We play board games for many reasons, whether it be to put our critical thinking skills to the test or to simply share some laughs with a few friends. But that’s not all we do when we sit down to various glorious tabletops and start popping out cardboard chit after cardboard chit.
Board games offer many opportunities to discover more about ourselves, our friends, and how we interact with others. Whether competitive or cooperative, board games teach us lessons about the real world, and what we learn from them can be valuable assets to bring to any social interaction.
Being behind doesn’t always mean that you’re losing.
The tide of a game can turn at any point, and sometimes you can see the change coming where other times the shift is a complete surprise. In many cases, the winner is determined and points are counted at the end of a game, so you can never truly know where you stand. Anything can happen in a game, and someone else’s decision or strategy could drastically change your prospects.
Taking a different path sometimes gives you the best results.
Take the road less traveled by, and it could make all the difference. Robert Frost knew his stuff, because it’s so easy to get stuck in a routine or to follow the bandwagon. You get comfortable with a certain pattern and suddenly it’s impossible to think of alternate routes, even though this pattern may not be the best strategy. Sometimes it’s best to make yourself think outside the box; if anything, it will surprise other players and give you the upper hand.
The dice can roll either way. Don’t blame yourself.
So many games feature random chance as a method of determining outcomes, and this often means that no amount of genius strategy can make a difference. If we’re being honest with ourselves, doesn’t the randomness offered by a pair of dice simulate life better than a vacuum unaffected by chance? Even the best preparations can miss the mark due to unforeseen circumstances, and you can’t blame yourself for an outcome dictated by fate or by the roll of a die.
Overcoming analysis paralysis is challenging, but not impossible.
In life as well as board games, we can be faced with so many choices that we suddenly freeze up, unable to make a decision. We think having more choices must be better than having less, but it can make it impossible to move forward. As a result, your strategy falls apart and your progress halts. Getting past this paralysis involves narrowing down your options and keeping calm in the face of pressure.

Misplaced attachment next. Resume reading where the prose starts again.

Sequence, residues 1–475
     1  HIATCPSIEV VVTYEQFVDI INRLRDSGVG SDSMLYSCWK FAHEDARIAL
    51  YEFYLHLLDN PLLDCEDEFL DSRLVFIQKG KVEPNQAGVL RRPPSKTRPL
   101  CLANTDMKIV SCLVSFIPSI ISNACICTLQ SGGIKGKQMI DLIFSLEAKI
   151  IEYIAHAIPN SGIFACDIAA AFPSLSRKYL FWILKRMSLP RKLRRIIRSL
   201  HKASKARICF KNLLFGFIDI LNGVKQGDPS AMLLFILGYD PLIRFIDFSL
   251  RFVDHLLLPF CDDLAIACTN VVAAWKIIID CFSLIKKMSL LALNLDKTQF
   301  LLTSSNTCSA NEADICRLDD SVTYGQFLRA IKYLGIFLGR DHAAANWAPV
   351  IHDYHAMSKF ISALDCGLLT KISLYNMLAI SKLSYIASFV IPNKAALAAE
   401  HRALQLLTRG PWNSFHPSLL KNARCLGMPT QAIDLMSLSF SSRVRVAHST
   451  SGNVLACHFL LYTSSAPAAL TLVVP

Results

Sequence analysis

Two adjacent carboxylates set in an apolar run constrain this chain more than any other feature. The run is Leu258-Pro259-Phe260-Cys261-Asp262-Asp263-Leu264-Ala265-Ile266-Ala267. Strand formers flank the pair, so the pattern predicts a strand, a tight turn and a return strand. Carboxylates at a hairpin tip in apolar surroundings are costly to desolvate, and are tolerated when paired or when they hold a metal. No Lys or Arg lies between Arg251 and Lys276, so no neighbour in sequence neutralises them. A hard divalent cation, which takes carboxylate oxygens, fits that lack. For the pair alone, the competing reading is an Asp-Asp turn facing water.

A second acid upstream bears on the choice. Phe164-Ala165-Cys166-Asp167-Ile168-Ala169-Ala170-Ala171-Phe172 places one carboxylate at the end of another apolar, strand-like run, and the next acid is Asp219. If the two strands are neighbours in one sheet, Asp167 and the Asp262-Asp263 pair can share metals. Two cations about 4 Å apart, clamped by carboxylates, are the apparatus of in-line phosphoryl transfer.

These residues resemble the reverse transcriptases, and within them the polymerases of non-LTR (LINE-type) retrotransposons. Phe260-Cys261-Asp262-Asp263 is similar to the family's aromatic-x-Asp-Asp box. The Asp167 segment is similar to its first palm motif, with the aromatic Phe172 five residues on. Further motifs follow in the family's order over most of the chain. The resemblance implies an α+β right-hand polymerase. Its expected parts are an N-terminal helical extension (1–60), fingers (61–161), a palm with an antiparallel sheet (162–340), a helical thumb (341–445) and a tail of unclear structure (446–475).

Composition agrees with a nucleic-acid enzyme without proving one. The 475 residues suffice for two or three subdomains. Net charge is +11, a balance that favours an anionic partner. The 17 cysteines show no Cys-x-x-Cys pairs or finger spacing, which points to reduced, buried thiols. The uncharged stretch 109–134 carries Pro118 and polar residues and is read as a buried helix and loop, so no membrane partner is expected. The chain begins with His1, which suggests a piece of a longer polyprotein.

You don’t always need to think of the perfect solution to a problem.
If you find yourself suffering from analysis paralysis, remind yourself that the “perfect” choice, the magical strategy that will surely give you victory, may just not be there. Or even if it is there, you would be better off settling for the idea that you can actually see rather than spending more time and effort trying to find the ultimate solution. Sometimes going with your first or second idea will help you move forward better than if you did find the “perfect” strategy.
What happens on the tabletop, stays on the tabletop.
Some friends can be ruthless in games and even be massive poops at times, but try not to let their in-game behavior influence your out-of-game perception of them. When they laid waste to your entire army and forced you off the board, it didn’t mean that they hate you and will never respect you as a human being. They only wanted to win, as you did. Another option is to just not play games with them. Still, learning which friends fit in which circumstances is essential: some will always find the humor in a situation where others will put blinders on and only think of victory. Knowing your friends better can help you shape your gaming experience—and life—for yourself.
Find the information relevant to the task at hand and weed out unnecessary clutter.
This one is fairly straightforward and can encourage effective note-taking skills. When examining a board or listening to a lecture, you can’t memorize all of the information. It’s extremely difficult to take stock of everything and then come away with one clear, prevailing idea. Playing board games gives you a relatively low-stakes way to practice finding essential information and disregarding the excess stuff that will only weigh you down.
Know what you bring to a group and when to let others take the spotlight.
This lesson applies to collaborative games just as well as any group projects and challenges faced in life. It’s important to know how to best coordinate everyone’s strengths and weaknesses, be it determined by stats on a character sheet or by sheer life experience and knowledge. When someone has a plan that sounds like it could work, let him or her try it out and orchestrate it. Working in a group means knowing equally when to take charge and when to step back.
Being a good loser can help you face the next challenge with expert calm.
It’s important to accept failure graciously and not get too bogged down in the details of your loss. Yes, if only the dice had rolled your way and not Jim’s, or if only you had thought to move your footman one combat zone over, things could be different. But you can’t change the past, and the best you can do is to try to learn from any mistakes you made and to accept that you may not have actually done anything wrong. Taking losses in stride is key to coming back to the next game unfazed and more ready than ever.
What life lessons have you learned from playing board games? Let us know in the comments!
Featured image credit: Pip R. Lagenta/flickr
Image credits: Disney, Wikimedia Commons, misomeru/tumblr, NBC